Cracking a Mystery: Space Walnut Created by Moons Crashing

Cracking a Mystery: Space Walnut Created by Moons Crashing
A ridge that follows the equator of Saturn's moon Iapetus gives it the appearance of a giant walnut. The ridge, photographed in 2004 by the Cassini spacecraft, is 100 kilometers (62 miles) wide and at times 20 kilometers (12 miles) high. (The peak of Mount Everest, by comparison, is 5.5 miles above sea level.) Scientists are debating how the ridge might have formed. (Image credit: NASA/JPL/Space Science Institute. Full story.)

SAN FRANCISCO ? A massive ridge nearly encircling Saturn'smoon Iapetus is likely the remains of a mini-moon destroyed by Iapetus' gravitylong ago, a new study suggests.

This sub-moon probably formed after a giant object smashedinto Iapetus, and the blasted-off pieces coalesced, according to researchers.But over time, Iapetus tore it apart and its bits slammed into the moon alongits equator, forming a ridgemore than twice as tall as Mount Everest.

"Imagine all of these particles coming down horizontallyacross the equatorial surface at about 400 meters per second, the speed of arifle bullet," study co-author William McKinnon of Washington Universityin St. Louis said in a statement. "Particles would impact one by one, overand over again on the equatorial line. At first the debris would have madeholes to form a groove that eventually filled up."

Iapetus: A space walnut

Iapetus' ridge is 62 miles (100 kilometers) wide and 12miles (20 km) high in places. It neatly tracks the moon's equator and coversnearly 75 percent of Iapetus' surface. [Photo of the ridge on Iapetus]

"It's one of the most astounding features in the solarsystem," said lead author Andrew Dombard of the University ofIllinois-Chicago, who presented the results today (Dec. 15) here at the fallmeeting of the American Geophysical Union. "It kind of gives Iapetus theappearance of a giant space walnut."

Other researchers have proposed that volcanism or mountain-buildingforces inside Iapetus raised the ridge. But Dombard said such theories can'taccount for the ridge's near-perfect alignment along Iapetus' equator, or whythe moon is the only body in the solar system with such a feature.

So Dombard and his team looked beyond Iapetus ? Saturn'sthird-largest moon, with a diameter of 913 miles (1,470 km) ? for anexplanation.

"If it didn't come from below, maybe it came fromabove," he said.

A lost sub-satellite

Dombard and his colleagues propose that the ridge is made ofthe shards of a sub-moon that once orbited Iapetus.

This sub-moon, they said, could have been created when agiant body plowed into Iapetus long ago, blasting off material that eventually fusedand was captured by the moon's gravity. Such violentcollisions likely formed Earth's own moon and Charon, Pluto's largestsatellite.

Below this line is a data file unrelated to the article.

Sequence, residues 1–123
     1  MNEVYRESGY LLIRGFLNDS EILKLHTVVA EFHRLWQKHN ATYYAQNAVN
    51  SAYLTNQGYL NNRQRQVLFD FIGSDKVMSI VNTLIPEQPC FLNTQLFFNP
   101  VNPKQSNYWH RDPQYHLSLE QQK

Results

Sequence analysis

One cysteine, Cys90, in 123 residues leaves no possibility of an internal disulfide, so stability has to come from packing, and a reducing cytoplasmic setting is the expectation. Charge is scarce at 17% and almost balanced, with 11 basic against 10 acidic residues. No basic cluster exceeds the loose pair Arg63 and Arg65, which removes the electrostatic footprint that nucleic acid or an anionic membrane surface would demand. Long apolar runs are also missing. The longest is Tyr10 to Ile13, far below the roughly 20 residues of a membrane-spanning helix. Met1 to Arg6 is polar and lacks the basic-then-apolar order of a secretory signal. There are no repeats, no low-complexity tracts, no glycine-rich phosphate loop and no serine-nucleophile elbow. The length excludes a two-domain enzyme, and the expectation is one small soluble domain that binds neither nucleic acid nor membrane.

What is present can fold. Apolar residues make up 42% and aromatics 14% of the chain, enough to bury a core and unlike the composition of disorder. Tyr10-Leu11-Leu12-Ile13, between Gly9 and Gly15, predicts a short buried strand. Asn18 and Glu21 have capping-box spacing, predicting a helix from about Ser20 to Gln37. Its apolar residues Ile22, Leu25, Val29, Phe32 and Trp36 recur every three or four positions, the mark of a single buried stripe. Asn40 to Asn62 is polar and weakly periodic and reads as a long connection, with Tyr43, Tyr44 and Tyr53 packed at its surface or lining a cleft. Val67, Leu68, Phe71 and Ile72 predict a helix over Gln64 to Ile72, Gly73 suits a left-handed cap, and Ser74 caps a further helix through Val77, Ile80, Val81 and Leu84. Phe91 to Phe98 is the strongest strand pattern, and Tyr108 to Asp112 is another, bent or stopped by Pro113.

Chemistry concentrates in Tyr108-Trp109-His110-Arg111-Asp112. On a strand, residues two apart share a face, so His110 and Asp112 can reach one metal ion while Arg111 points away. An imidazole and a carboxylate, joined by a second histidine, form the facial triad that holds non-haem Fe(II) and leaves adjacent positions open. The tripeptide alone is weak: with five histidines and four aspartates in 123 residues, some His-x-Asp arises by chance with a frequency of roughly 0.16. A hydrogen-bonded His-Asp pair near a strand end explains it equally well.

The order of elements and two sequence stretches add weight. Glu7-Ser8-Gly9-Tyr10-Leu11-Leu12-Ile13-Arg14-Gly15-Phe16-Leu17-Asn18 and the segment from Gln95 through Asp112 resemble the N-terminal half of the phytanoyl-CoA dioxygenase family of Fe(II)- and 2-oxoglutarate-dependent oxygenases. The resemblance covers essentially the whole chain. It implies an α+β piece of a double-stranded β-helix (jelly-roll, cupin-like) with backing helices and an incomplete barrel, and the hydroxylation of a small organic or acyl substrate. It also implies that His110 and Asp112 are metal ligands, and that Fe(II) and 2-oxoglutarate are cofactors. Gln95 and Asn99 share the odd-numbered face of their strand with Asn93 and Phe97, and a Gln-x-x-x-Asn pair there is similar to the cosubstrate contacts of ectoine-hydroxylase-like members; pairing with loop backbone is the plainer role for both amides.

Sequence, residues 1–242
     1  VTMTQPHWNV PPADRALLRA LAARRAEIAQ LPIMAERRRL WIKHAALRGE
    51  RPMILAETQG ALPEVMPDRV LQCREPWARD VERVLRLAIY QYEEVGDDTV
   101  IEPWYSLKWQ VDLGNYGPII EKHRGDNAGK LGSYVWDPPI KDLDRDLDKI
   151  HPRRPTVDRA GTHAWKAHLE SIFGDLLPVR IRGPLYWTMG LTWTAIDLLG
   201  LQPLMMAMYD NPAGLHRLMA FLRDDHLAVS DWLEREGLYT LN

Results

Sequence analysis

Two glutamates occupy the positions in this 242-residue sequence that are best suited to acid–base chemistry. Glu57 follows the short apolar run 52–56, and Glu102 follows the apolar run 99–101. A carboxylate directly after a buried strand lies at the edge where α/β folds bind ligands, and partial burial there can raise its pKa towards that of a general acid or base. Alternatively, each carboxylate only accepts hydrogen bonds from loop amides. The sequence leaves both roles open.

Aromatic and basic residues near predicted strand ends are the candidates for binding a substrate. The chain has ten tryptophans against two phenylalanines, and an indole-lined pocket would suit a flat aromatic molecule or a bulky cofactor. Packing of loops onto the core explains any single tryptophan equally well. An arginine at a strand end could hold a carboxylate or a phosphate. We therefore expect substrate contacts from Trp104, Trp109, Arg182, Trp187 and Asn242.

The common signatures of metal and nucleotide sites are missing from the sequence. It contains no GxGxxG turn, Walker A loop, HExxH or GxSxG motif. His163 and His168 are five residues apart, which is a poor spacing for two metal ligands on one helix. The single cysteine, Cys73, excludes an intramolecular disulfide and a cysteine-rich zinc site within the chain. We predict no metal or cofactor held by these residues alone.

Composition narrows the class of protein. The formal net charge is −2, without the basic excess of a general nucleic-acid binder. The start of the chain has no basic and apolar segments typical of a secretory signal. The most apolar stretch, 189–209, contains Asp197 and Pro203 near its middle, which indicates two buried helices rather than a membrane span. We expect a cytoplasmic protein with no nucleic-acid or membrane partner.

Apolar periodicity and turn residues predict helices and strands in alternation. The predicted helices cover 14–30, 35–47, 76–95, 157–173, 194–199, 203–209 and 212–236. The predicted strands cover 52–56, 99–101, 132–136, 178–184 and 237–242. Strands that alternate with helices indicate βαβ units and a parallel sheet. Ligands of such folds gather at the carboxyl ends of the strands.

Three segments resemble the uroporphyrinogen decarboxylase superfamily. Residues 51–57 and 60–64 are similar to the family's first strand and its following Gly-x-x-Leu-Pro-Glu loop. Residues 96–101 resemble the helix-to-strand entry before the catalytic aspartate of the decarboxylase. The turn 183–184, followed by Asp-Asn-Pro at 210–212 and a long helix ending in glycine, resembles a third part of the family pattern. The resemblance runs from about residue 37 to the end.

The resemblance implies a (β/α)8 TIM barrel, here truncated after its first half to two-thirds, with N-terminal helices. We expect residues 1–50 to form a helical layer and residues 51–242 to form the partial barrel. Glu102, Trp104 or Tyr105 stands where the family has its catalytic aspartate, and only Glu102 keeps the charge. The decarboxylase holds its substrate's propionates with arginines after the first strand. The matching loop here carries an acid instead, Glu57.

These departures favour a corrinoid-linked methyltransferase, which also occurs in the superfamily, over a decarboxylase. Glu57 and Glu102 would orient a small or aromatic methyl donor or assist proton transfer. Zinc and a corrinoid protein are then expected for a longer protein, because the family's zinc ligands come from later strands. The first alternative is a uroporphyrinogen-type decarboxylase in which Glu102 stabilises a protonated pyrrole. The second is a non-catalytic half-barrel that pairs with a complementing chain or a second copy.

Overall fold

The researchers think Iapetus' sub-satellite then spiraled towardthe moon, eventually coming so close that Iapetus' gravity tore it apart.

This lost mini-moon's bits would have formed a debris ringaround Iapetus' equator, the researchers added. Over time ? anywhere between100,000 years and 1 billion years, depending on how close the sub-mooninitially was to Iapetus? this ring slammed into the moon, creating its distinctive ridge.

This theory can explain the ridge's location along Iapetus'equator, as well as why no similar feature is seen on any other solar systembody, Dombard said. Iapetus has a far bigger Hill sphere ? the zone around acelestial body where its gravity dominates satellites ? than any other moon inthe outer solar system, he said.

So on other moons, the parent planet would've snatched sucha sub-moon away relatively quickly.

"Only Iapetus has the orbital space around it to holdonto one of these satellites," Dombard said.

The researchers haven't yet performed any rigoroussimulations to show in detail how the ridge-formation process may haveproceeded, he added, but they plan to do so soon.

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Mike Wall
Senior Space Writer

Michael Wall is a Senior Space Writer with and joined the team in 2010. He primarily covers exoplanets, spaceflight and military space, but has been known to dabble in the space art beat. His book about the search for alien life, "Out There," was published on Nov. 13, 2018. Before becoming a science writer, Michael worked as a herpetologist and wildlife biologist. He has a Ph.D. in evolutionary biology from the University of Sydney, Australia, a bachelor's degree from the University of Arizona, and a graduate certificate in science writing from the University of California, Santa Cruz. To find out what his latest project is, you can follow Michael on Twitter.